In other words, even in “normal” working life, there are plenty of situations wherepeople do not perform as they can in less stressful situations. But, is there somethingyou can do about this?

How to solve impaired functioning when feeling under pressure?

There might be a solution though. Research shows that when people practice in similar stressful situations, performance also improves. Raôul Oudejans also mentions in his video that Guus Hiddink, as a coach of the South Korean soccer team, had the team practice penalties with 5000 spectators watching. In this way, one learns to ignore irrelevant stimuli, and to be able to (almost) fully focus on the actual task.

In other words, you have to practice in similar stressful situations to keep performance up in stressful situations. For soccer players this can be done by filling the stadium with supporters, as this is similar to the stressors during a real game, and they can get used to this. For a quiz show on television, this already gets trickier – but gather your friends and family in a café, where you have to answer questions. For putting up the pressure even more; you need to pay the rounds when you give the wrong answer.

But how do you deal with this in working life? Routine activities that will be performed under pressure require more experience; the more often you have done something, the easier it will be. You become competent unconsciously. Because you need less of your total “focus capacity” to perform the task, you will – if more stressors are present – still be able to perform your task to a certain extent. However, the examples of the penalty syndrome do show that you can be very, very skilled, but still you underperform once put under pressure.

Trainings, workshops, drills; they should contain various stressors that mimic real-life stressors to provide you with the possibility to work with these stressors, and gain experience with the irrelevant stimuli.

However, emergency situations are different. We do not always know what type of scenario will unfold, what stressors will be present, and what actions are needed during the emergency. This leaves it to be hard to design a suitable training, and it is even harder to include real-life stressors.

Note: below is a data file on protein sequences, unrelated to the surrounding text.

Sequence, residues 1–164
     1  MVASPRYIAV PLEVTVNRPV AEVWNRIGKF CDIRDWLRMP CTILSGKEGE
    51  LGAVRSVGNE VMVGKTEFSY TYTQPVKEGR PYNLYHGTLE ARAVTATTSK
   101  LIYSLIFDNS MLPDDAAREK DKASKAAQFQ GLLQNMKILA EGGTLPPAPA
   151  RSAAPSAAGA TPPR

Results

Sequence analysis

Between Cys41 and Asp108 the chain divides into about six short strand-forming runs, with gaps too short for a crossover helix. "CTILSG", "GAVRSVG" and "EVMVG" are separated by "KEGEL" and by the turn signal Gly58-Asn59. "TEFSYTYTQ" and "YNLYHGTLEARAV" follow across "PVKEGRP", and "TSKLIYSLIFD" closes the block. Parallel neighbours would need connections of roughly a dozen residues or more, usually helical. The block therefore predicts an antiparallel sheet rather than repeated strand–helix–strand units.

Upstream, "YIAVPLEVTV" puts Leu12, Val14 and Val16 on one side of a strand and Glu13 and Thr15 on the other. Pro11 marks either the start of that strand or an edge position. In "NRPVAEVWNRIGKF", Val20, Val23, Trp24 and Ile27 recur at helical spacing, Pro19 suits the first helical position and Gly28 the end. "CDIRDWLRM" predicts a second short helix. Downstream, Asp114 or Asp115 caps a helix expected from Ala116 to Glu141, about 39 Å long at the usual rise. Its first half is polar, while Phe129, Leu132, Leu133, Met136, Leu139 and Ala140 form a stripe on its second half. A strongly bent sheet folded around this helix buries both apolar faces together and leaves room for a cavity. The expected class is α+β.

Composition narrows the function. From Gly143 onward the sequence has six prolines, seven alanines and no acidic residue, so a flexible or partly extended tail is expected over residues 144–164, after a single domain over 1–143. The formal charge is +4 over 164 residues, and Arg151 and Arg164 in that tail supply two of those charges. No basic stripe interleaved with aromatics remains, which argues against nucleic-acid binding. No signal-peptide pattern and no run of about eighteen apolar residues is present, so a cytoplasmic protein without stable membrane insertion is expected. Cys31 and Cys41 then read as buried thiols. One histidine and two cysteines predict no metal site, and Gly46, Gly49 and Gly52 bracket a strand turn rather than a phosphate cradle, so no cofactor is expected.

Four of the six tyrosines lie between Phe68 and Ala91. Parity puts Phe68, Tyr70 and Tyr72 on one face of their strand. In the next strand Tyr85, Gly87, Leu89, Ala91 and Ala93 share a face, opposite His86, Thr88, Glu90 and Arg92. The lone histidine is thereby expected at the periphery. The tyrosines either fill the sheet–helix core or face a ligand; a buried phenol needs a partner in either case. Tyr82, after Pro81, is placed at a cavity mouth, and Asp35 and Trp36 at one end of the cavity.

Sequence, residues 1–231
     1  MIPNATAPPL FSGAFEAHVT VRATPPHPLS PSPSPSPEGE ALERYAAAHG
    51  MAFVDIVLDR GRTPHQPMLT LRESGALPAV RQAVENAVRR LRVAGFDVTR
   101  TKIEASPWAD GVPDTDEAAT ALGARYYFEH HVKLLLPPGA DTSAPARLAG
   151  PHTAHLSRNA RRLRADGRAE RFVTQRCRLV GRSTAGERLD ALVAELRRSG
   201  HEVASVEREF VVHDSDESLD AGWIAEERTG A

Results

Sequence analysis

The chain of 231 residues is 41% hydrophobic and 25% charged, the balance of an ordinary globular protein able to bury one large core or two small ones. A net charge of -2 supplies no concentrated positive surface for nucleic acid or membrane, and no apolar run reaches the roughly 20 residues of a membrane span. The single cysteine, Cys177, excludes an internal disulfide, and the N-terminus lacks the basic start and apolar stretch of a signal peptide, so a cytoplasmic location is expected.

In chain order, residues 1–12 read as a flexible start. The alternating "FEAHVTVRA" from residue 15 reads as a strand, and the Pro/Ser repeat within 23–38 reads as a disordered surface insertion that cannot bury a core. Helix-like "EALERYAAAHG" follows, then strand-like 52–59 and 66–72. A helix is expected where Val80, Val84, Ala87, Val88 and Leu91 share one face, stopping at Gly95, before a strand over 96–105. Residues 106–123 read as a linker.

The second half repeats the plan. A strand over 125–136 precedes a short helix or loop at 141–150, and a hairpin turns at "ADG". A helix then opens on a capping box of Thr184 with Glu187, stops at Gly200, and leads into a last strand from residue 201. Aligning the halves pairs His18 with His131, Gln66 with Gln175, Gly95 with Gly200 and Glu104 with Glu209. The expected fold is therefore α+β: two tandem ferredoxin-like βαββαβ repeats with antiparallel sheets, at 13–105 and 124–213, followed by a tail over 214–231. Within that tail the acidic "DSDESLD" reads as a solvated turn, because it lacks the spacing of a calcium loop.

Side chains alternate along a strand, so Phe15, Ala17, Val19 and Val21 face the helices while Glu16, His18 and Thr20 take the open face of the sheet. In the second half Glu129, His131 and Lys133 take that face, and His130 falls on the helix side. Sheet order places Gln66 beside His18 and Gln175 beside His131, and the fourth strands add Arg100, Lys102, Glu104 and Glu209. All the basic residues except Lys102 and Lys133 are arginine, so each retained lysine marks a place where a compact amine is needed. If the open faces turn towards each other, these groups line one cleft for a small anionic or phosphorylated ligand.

Take aways

  • Realise that capable and competent people can err in stressful situations. Even today, it is still sometimes mentioned in incident analyses that it cannot be explained why these competent people made this error. The good news, however, is that you may be able to train to perform under pressure.
  • Realise that the training offered in your organisations may help to increase knowledge or skills of your personnel, however it may not suffice to have people prepared in situations when they experience a lot of pressure – it is not always possible to mimic all stressors. That does not mean that these trainings are not useful – the greater the level of competence, the easier it is for people to act or respond as required.
  • Are you in the situation that you can shape or design working environments? Design the situations in such way that people are guided in their behaviour.


[i]Research has shown that even though the shortest route towards the emergency exit is depicted on one’s hotel room door, people will follow the route that they have entered the hotel into. Even though, that not being the shortest route. This has also shown in simulations for aircraft exiting in emergencies. People might know that the nearest exit is behind them, they tend to go to the front.